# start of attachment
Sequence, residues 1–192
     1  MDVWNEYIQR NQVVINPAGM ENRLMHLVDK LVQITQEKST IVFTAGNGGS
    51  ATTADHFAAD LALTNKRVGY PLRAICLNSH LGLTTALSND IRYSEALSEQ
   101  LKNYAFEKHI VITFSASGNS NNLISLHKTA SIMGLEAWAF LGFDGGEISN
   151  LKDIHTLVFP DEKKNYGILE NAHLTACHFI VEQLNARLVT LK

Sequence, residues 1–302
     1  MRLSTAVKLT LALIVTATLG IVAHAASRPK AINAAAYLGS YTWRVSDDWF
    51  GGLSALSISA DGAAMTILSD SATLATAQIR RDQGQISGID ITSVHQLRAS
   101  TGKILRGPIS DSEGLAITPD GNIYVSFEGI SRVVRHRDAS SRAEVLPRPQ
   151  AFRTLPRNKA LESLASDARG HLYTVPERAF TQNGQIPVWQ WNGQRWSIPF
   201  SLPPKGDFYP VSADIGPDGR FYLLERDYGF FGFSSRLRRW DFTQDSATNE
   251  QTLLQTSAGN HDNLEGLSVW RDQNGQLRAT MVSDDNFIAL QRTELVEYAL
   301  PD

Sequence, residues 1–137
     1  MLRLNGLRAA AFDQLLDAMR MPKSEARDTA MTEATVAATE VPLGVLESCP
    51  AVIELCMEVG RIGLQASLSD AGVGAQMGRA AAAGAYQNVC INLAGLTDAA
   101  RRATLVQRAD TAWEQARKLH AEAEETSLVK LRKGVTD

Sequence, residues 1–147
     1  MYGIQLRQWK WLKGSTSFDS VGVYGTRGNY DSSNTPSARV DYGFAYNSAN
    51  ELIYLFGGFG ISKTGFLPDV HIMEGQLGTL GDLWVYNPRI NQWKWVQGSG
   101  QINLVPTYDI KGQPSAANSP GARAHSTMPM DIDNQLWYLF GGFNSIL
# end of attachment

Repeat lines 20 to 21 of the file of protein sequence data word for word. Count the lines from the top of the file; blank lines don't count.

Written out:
    51  ELIYLFGGFG ISKTGFLPDV HIMEGQLGTL GDLWVYNPRI NQWKWVQGSG
   101  QINLVPTYDI KGQPSAANSP GARAHSTMPM DIDNQLWYLF GGFNSIL